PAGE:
error conditions don't know this. Often these classes don't even
                              know if the error condition is even an error as far as the user is
                              concerned.

                              The only time it makes sense to hard code text is when it is info that
                              won't be seen by the user.

                              e.g. data gets written to a log file.
                              In this case, I'm the one who will have to look at the log file, so
                              the text better be in English. Hmmm, this example breaks down if you
                              have support staff in different countries who need to read the log
                              file I guess.

                              In either case, exceptions and error codes from various parts of the
                              code are NOT the same thing as messages we display to the users of
                              our code. There is a mapping from errors to messages, but only the
                              application should know what this is.

                              Adam.
                              (who also works in Toronto, so has to deliver app's that can toggle
                              between English and French at places where the user clearly should
                              have already decided what language they want to use.)
                            • kyle@kylecordes.com
                              ... walking into a common ... that you are You are right, of course. My intention was to demonstrate that a method might do (rather than an entire class), not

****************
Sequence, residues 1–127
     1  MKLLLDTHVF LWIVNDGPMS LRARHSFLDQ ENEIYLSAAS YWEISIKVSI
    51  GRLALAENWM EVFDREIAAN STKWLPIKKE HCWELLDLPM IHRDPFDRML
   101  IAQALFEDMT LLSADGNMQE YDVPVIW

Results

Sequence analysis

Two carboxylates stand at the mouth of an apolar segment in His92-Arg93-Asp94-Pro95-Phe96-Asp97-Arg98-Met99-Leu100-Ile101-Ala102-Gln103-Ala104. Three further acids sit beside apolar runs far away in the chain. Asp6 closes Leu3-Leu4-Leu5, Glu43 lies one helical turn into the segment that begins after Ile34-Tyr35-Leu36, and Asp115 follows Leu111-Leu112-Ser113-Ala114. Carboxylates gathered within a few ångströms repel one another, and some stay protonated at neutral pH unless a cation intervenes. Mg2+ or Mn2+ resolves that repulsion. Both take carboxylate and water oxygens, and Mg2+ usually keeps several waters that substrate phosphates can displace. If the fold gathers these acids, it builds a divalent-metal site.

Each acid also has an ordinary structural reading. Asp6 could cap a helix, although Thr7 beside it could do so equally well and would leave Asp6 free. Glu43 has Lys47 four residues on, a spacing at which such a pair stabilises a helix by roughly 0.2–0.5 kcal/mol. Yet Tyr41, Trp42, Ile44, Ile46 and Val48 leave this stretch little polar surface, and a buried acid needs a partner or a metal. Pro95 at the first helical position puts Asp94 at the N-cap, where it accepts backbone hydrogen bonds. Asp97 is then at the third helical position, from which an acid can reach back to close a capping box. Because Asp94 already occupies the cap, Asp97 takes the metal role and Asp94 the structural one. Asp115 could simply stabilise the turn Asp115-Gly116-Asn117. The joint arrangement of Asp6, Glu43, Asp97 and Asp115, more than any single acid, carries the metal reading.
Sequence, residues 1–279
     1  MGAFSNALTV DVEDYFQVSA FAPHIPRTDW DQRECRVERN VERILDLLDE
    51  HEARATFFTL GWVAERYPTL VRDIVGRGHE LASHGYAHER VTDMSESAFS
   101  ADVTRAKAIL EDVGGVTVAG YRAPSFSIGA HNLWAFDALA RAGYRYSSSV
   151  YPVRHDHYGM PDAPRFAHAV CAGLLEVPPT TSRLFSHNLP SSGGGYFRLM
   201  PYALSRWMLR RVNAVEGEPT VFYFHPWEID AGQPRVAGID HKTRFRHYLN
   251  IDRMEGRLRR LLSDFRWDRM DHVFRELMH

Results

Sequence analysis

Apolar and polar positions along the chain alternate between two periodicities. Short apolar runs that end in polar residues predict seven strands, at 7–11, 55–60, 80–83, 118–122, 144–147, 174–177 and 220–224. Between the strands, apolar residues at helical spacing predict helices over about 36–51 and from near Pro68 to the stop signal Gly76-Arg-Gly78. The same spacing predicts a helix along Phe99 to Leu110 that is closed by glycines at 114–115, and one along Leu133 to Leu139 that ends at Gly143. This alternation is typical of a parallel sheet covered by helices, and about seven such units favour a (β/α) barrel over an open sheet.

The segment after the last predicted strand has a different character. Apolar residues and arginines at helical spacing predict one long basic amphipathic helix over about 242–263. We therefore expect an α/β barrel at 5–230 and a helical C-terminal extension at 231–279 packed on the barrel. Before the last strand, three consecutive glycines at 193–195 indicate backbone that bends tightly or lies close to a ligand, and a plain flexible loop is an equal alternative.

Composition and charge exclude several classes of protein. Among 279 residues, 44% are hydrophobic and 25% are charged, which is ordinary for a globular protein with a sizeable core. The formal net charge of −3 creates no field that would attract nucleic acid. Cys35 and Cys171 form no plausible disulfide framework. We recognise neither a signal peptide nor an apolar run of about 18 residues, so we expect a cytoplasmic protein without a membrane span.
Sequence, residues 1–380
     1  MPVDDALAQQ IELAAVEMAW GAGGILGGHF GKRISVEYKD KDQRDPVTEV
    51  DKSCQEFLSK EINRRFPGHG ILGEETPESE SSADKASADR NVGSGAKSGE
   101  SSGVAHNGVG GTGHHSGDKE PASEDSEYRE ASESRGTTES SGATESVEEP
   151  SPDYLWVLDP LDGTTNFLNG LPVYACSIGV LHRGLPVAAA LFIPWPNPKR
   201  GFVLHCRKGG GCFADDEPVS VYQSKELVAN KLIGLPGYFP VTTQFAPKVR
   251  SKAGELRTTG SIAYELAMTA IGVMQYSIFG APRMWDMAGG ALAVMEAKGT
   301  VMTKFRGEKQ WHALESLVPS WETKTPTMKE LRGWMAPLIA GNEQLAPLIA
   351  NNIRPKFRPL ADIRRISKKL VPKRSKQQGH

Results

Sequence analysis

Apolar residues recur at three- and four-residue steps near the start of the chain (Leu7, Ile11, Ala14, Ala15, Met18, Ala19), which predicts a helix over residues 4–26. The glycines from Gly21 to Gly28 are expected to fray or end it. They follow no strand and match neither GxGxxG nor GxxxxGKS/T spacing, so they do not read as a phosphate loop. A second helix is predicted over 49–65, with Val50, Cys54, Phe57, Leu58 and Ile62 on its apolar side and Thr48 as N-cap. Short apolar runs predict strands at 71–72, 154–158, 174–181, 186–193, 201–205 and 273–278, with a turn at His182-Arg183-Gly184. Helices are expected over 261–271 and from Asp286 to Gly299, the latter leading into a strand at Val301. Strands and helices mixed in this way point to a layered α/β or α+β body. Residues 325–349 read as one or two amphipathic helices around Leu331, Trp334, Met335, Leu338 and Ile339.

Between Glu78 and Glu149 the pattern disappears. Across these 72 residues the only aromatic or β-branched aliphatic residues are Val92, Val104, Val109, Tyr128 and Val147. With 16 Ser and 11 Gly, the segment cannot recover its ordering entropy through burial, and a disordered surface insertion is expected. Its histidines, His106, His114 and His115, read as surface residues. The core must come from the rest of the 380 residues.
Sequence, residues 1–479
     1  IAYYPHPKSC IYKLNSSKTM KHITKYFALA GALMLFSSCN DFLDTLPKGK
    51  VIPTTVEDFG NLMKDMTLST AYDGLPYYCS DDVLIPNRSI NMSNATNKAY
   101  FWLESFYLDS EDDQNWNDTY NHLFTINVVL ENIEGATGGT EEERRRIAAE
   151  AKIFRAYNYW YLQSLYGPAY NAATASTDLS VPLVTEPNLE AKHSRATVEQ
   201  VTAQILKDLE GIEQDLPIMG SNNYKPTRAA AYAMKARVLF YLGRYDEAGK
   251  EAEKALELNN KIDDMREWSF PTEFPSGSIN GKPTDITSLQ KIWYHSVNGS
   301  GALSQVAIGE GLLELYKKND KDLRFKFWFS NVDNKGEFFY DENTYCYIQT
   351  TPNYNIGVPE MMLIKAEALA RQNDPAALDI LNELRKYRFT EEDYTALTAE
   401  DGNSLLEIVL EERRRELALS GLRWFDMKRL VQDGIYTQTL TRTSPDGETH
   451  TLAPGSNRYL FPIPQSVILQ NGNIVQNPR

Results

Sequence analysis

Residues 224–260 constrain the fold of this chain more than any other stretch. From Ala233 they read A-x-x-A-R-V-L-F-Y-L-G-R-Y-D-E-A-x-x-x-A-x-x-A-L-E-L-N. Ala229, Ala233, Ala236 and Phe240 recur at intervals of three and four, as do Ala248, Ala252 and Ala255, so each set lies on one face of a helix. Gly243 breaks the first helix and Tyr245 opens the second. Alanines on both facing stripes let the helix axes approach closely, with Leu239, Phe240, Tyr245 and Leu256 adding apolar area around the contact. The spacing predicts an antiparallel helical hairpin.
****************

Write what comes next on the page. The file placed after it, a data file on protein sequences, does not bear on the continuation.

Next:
Message 14 of 19 , Aug 23, 2001
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                                --- In extremeprogramming@y..., Mike Bowler <mbowler@g...> wrote:
                                > >Perhaps you don't need a class for each exception; how about an
                                > >exception factory, you can do this:
                                > >
                                > >throw new ExceptionFactory.fileProblem(fileName)
                                > >
                                > >Then all of your formatting is in one place (easy to
                                > >internationalize).

                                > I realize that we've strayed off topic here but this code is
                                walking into a common
                                > localization trap. Localization should NEVER be done at the point
                                that you are

                                You are right, of course. My intention was to demonstrate that a
                                method might do (rather than an entire class), not to suggest a
                                (poor) i18n / l10n technique.

                                For that matter, my code fragment was incorrect. I meant this:

                                throw ExceptionFactory.fileProblem(fileName)


                                Kyle Cordes
                                www.kylecordes.com